The second you make a comment your argument becomes weaponized – now you’re on the receiving end of a barrage of likes, reactions, counterarguments, mentions, insults, and worse – your friends are likely to see your comments as well even if it’s not a post on your wall. Now strangers, most of whom you’d probably never go with beyond even the basic situational pleasantries, are discussing something with you that is deeply associated with your own values. Your brain interprets their opinion as a personal insult of your core values and the way you see the world around you. And because they are associated with a friend (or friend of a friend) there is an additional weight to them. And because social media will keep on reminding you and using it to drag in other comments and opinions – that attack gets amplified. Your social media profile also gets skewed to keep on showing you the kind of content you like to engage on – so whatever it is you’re arguing about online with strangers, that is weighing on you, is now getting stacked because they want you to keep on feeding it content. It’s really that simple.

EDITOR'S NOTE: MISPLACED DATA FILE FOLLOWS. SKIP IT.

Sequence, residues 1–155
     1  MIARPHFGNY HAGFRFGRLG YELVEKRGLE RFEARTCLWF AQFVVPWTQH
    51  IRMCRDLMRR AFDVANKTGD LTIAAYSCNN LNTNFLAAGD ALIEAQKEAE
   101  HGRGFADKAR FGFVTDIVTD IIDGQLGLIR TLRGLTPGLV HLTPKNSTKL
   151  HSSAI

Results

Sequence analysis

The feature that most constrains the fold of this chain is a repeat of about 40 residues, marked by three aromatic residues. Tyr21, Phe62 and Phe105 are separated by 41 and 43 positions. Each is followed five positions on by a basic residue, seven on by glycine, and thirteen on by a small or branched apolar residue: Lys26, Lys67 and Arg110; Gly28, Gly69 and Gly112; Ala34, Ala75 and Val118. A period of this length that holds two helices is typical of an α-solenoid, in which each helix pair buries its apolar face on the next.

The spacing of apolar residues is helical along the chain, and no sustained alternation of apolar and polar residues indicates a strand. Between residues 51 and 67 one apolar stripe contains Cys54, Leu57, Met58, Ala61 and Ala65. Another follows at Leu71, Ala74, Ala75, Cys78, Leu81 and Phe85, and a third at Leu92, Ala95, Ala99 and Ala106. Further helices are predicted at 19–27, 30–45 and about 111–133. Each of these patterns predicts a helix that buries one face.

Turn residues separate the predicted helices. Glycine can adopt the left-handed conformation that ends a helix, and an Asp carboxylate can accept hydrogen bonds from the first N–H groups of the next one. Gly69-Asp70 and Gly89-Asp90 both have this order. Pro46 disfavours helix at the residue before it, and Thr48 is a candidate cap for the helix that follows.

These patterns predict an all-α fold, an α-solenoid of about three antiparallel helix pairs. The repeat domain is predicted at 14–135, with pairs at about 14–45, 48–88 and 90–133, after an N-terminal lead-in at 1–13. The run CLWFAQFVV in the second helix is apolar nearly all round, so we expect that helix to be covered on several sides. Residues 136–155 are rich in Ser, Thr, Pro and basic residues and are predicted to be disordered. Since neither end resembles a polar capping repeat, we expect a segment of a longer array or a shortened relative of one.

So what now?

For far too many people, your own insecurity keeps you from recognizing that you’re being manipulated. Sorry. That same insecurity, that you try to overcome by trying to convince strangers of something you believe, has an unfortunate consequence of making you miserable online. I’ve lost count of people in real life that are trying to unplug just to run back to their accounts like a crackhead.

Now, some of you didn’t have central European grandparents chasing you around the table with a wooden spoon to teach you to act right. But the answer is surprisingly the same. Stupid hurts. Until you can associate stupidity with pain, you will continue being an idiot that wastes time in online fight and you’ll just be more miserable for it.